Cultural Consumption: Task 15

Read a recent arts journal and highlight a project you find interesting:

I read ‘Oh Comely’ magazine, issue 18. It features tips for creativity, interviews with inspirational people and information about arts projects.

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One of the projects within the issue that I found interesting, was a documentary made from 2005-2011 by American director Joshua Oppenheimer. ‘The Act of Killing’ investigates the massacre of 2.1 million ‘communists’, and ethnic Chinese civilians that took place in Indonesia during 1956-1966.

Oppenheimer does not go about this traditionally, focusing on the point of view of the victims. Instead he focuses his chilling film on the perpetrators of the killings – who still glorify what they have done, and are proud. These men were celebrated by the majority of the community, and not persecuted for the atrocities they took part in.

Oppenheimer immersed himself in the lives of these killers, and spent several years in their company, collecting hundreds of hours of footage. He talks about how it was hard not to come to like them during this period; because of their friendly and sometimes comical personalities, but this was bluntly contrasted by the information they would recall in interviews about the killings. In the film he challenges them to recreate the horrific murders, and they do re-enact them proudly. The film documents the men’s journey through re-living their past, and is centred around one man in particular, named Anwar.

The documentary is shocking, showing how these men continue to tell themselves what they did was not wrong – they are proud of these killings. Oppenheimer shows that this is how they have come to cope with the murders.

Here is an extract from an interview with Josh Oppenheimer that I read online:

I do not see myself primarily as a documentary maker. I see myself as someone who uses film as a way of exploring the world. I’m particularly interested in how what appears to be our factual, everyday reality is, in fact, constituted by millions of interlocking stories and fantasies, half-remembered sometimes, second-rate sometimes, second-hand most of the time. I’ve always been interested in how we tell ourselves stories unconsciously to make ourselves who we are and to create our world. Whenever you film anybody, they become self-conscious; they start to stage themselves unconsciously. And the script, if you like, for that performance that they inevitably offer up is some notion of how they’d like to be seen based on how they have seen others. When you film someone, it’s an opportunity to put reality through a prism and reveal all of these interlocking fantasies that are normally invisible. Normally, non-fiction filmmakers point the camera at somebody and try to get beyond that moment of self-consciousness by getting the person to “act normal” so that they can claim to be looking at reality through a transparent window. But documentary is never that. You’re never a fly on the wall. You’re always working with your subject to create a series of occasions in which a person will prolong an argument, make a concession, preen or perform. And if you think of non-fiction filmmaking in that way, it is always inherently collaborative and often performative. This is what I’ve been interested in: using cinema to explore the way our seemingly factual realities are impregnated by fiction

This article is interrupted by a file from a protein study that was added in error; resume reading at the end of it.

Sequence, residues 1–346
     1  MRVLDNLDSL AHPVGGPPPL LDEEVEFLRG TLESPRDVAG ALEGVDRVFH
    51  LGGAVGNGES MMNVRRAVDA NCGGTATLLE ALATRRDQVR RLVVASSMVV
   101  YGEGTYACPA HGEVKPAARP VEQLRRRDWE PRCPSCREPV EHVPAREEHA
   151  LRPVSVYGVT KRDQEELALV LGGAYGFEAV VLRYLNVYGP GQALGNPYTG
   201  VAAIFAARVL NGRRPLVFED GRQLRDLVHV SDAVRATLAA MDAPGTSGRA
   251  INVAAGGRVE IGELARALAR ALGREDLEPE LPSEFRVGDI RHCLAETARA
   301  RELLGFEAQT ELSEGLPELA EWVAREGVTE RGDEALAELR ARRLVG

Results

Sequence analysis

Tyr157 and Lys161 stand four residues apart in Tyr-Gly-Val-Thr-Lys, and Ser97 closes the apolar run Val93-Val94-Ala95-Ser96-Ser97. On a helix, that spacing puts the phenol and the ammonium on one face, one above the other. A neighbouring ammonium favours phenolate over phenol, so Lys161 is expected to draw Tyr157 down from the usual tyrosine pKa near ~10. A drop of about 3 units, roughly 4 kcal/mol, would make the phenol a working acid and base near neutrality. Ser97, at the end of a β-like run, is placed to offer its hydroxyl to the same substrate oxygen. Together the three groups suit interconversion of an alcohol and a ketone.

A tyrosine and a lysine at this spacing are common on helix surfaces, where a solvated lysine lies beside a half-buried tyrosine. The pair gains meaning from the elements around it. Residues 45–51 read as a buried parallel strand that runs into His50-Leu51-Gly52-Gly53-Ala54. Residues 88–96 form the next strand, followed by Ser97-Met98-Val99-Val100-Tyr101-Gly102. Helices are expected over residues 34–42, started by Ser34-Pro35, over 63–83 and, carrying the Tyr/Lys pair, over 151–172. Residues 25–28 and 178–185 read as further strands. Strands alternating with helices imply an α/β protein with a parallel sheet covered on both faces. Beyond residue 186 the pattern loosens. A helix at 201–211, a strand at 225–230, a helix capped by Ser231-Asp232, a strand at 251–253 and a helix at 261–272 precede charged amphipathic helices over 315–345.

The film had won a number of awards, and is now shortlisted for an Academy Award nomination, for Best Documentary.

Here is the trailer:

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